Anna Maria Taigi (1769-1837)

Despite the competitive offer and the many attractions, the tour I propose has the ambition of being an alternative and a standout from these routes for several reasons. First of all, it does not lead you to discover tombs, cemeteries or reliquaries, but shows you the human remains of heroes of the Catholic faith whose bodies have behaved out of the ordinary in the afterlife. Among these phenomena considered prodigious by the faithful (and not by the Catholic Church, which does not recognise these signs as proof of holiness) can include incorruption of the flesh, flexibility of the limbs, emanation of perfumes and fragrances, and emission of ‘fresh’ blood days – or even years – after death. These wonders could be attested when the saint-to-be has passed away or, after a while, during a formal procedure called ‘ricognitio’ in canon law (i.e., the exhumation and examination of the body). The corpses you will see belong to people who lived between 1750 and 1950 approximately. After their process of beatification or canonisation, they would be put on display in crystal cases, in churches or sanctuaries in Rome and its province. In this regard, the dead remains have usually undergone treatment to create an image that was not scary or disturbing to the believers, but that communicates the peaceful rest of the saints and their victory over death. The practice of showing bodies here is not just typical of Rome or the period considered; however, in Rome and in this time, we can count a number that – at the current state of research – have no equal in other geographical and chronological contexts.

Pius IX (1792-1878)

What are we going to see by clicking on the different pins? Well, we’re going to learn about the facts and curiosities of twelve bodies exhibited in Rome and its province. They are stories of popes (Pius IX, Pius X and John XXIII), charismatic mothers and wives (Anna Maria Taigi), martyrs (Maria Goretti and Giovanni Lantrua), priests (Stefano Bellesini and Bernardo Silvestrelli), foundresses (Paola Frassinetti and Maria Crocifissa Curcio) and founders (Vincenzo Pallotti and Giacomo Alberione). We will see how their bodies have been put on display and what techniques have been used. In certain cases, their remains (after being found in an exceptional state of conservation) have only been treated with chemicals, for safety reasons (civil law imposes rules on the treatment of human corpses), while aesthetic interventions have been made in others as well, such as the application of masks in different materials (for example, wax, silver, plastic and silicone). Finally, we will learn more about particular religious practices, such as the recognition of the bodies and popular devotions towards them.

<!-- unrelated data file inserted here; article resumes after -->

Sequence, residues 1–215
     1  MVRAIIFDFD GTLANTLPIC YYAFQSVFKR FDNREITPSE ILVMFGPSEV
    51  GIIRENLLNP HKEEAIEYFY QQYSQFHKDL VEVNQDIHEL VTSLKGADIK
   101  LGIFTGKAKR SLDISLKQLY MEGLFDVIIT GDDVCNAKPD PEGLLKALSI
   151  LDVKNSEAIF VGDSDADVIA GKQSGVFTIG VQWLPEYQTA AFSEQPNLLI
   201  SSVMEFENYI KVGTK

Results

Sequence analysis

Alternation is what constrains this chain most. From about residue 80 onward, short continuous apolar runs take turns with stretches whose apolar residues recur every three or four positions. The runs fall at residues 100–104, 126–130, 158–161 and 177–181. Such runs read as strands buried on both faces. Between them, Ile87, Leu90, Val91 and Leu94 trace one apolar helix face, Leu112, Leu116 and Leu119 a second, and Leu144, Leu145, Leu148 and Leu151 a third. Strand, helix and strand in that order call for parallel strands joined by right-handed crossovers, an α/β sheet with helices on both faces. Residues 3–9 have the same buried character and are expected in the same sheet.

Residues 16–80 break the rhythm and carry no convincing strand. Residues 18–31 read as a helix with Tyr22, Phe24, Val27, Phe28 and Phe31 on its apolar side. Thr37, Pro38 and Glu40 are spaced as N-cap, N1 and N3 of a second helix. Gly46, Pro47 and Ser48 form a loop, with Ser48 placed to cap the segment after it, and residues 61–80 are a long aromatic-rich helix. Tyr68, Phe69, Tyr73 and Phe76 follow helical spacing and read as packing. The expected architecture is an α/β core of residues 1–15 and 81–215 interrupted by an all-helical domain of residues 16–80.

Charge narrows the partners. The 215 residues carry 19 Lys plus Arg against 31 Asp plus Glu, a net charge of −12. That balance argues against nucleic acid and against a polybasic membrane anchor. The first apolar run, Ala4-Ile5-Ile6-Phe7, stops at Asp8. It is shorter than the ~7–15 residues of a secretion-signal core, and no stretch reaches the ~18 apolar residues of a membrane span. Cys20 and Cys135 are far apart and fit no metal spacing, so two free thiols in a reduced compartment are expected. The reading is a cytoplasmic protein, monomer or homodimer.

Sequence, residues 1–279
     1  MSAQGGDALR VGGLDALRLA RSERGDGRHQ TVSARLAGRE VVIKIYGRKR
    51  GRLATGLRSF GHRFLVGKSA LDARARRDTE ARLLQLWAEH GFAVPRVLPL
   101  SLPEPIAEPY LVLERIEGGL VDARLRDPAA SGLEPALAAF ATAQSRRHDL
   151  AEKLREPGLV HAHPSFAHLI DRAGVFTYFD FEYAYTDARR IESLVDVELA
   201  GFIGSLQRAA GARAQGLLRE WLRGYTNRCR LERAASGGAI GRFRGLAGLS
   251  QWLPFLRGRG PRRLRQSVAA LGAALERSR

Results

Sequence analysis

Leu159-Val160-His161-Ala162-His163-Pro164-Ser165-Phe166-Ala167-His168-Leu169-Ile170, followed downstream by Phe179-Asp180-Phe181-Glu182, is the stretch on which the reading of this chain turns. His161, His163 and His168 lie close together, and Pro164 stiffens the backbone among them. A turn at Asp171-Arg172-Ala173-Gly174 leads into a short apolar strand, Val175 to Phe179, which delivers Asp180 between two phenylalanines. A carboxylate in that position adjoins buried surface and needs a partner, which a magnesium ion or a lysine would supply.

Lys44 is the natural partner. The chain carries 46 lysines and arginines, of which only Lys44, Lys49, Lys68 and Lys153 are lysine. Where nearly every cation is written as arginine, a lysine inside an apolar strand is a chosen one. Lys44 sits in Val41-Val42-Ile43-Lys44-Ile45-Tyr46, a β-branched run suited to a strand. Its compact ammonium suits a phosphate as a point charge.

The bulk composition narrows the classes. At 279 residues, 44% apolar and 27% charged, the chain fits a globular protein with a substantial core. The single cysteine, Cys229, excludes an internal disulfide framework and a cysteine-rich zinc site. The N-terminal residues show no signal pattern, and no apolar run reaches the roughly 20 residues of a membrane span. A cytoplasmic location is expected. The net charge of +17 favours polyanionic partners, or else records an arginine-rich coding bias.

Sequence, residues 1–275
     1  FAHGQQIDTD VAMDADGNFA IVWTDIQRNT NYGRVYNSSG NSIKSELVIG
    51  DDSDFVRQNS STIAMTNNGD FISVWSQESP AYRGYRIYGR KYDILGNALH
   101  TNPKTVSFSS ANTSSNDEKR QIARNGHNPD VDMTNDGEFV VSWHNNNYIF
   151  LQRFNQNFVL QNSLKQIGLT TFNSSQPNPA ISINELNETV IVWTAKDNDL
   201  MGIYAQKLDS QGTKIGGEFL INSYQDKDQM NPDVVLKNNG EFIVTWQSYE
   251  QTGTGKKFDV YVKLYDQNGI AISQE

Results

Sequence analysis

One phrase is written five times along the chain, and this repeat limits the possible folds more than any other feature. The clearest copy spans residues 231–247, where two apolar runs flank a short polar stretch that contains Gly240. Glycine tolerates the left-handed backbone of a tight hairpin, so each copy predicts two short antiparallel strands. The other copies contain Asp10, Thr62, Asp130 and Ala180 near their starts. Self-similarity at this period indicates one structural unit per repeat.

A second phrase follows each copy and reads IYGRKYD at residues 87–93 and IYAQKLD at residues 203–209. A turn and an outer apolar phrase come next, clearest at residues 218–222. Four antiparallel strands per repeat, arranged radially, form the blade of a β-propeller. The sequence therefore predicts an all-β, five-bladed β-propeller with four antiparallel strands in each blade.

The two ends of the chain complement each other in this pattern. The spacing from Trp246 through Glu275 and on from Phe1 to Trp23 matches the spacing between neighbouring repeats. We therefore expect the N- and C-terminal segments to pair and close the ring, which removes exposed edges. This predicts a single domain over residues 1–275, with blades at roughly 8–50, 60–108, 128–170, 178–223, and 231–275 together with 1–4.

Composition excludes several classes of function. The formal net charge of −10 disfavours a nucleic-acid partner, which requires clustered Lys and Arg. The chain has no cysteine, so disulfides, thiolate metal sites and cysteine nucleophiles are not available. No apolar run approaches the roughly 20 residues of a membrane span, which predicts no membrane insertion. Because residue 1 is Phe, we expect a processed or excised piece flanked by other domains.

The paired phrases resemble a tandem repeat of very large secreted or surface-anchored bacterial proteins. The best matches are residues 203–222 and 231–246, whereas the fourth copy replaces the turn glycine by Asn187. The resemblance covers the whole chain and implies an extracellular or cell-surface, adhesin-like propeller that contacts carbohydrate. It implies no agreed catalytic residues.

Bernardo Silvestrelli (1831-1911)

Before letting you explore the tour virtually, via the link you will find below, I would like to draw your attention to a fundamental aspect; that the goal of this tour is not to judge the preservation of a corpse or the miraculous nature of the incorruption, but to look at these bodies from the faithful’s perspective. For them, these cadavers embodied religious meanings, since they belonged to charismatic and trustworthy figures and because, after death, they behaved prodigiously. In this respect, they were considered miraculous, as proof of the divine election of the saints and their entry into heaven, endowed with thaumaturgical powers and the ability to work graces. For these reasons, these bodies were – and still are today – worshipped by believers and at the centre of religious practices and the life of the local community.